The Guest is a movie that defies easy classification. In my opinion, it’s a family drama/action movie/slasher flick/black comedy. I hope it’s not too weird that I find it darkly funny that David ends up killing like 20 people. It’s also sad that he does that, I mean, I liked the Petersons. They were a little clueless to be sure, but they were good folks, and I felt bad when David murdered the parents. Although I was also chortling in a Holy-shit-is-this-actually-happening sort of way.
I also liked how the movie takes certain tropes and turns them upside-down. In most movies, when government agents unexpectedly show up and try to kill somebody, it’s because they, the agents, are evil, and are trying to kill the protagonist for their own nefarious purposes. But in this movie, the agents are actually the good guys and are there to kill David because he actually is a dangerous psychopath. I love that because it is the exact opposite of what the viewer expects, and it’s refreshing to see a movie go in a direction that is completely different from the one you expect.
It can be a bit jarring when a movie tries to juggle as many different genres as this one does, but in my opinion it worked really well. The pacing is very good as the movie barrels towards its spectacularly violent conclusion, and is helped along by a funky retro soundtrack that gives the movie a kind of throwback 80’s vibe which I really liked.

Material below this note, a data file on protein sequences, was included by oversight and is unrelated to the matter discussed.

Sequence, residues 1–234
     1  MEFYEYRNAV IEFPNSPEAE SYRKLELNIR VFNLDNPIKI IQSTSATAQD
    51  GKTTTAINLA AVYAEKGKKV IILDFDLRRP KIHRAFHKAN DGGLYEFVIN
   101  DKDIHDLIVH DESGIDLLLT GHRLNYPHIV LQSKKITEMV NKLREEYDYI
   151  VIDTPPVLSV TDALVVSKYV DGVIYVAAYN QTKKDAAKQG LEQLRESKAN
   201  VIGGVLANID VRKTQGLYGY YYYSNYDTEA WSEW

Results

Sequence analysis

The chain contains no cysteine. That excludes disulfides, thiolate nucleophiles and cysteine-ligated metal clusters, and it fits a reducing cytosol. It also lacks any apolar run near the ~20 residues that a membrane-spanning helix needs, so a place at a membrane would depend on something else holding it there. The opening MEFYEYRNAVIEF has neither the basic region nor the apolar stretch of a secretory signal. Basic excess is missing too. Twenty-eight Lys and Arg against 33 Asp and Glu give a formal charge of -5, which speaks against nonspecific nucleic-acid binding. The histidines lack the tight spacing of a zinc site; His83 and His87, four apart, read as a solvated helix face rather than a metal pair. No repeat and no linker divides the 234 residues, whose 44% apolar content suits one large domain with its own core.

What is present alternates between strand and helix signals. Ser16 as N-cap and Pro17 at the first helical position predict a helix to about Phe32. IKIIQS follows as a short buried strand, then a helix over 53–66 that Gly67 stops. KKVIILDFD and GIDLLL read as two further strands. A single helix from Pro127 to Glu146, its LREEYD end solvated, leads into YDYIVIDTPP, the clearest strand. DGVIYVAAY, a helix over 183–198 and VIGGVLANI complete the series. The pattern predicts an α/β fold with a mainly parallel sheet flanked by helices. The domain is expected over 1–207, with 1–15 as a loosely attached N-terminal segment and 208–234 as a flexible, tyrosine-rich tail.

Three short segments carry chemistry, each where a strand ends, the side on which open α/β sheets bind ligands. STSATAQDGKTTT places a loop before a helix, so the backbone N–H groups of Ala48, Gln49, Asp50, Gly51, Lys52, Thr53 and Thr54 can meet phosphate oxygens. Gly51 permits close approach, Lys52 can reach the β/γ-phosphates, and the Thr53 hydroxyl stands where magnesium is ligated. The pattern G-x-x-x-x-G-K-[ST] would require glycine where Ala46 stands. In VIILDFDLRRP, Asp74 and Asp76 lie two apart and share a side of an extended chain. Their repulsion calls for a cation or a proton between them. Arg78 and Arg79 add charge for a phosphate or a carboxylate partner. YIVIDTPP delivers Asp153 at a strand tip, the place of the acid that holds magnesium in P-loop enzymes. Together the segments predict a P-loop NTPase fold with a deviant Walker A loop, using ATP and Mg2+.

I also really liked the ending. It’s a classic horror movie twist ending that pulls the rug out from under you, where it turns out the killer ISN’T ACTUALLY DEAD AND HE’S STANDING RIGHT BEHIND YOU. I can understand how such an abrupt ending would tick off some people but I just loved the sheer audacity of it. I also liked how the film’s story gave some explanation for David’s incredibly violent behavior, while still leaving his character open to interpretation, which ensures that David remains mysterious and doesn’t turn into just another Michael Myers or Jason Voorhees clone.
The movie was written by Simon Barrett and directed by Adam Wingard, whose previous collaboration was a slasher flick called You’re Next, which is one of the best names for a horror movie ever. I kind of want to see it now because I liked The Guest so much, even though I don’t usually go for slasher flicks. But Wingard and Barrett clearly know what they’re doing, and I think we can expect some really cool stuff from them in the future.
The Guest is a movie that won’t appeal to everyone but if you have an idea of what you’re in for and keep an open mind, you might really enjoy it. I did.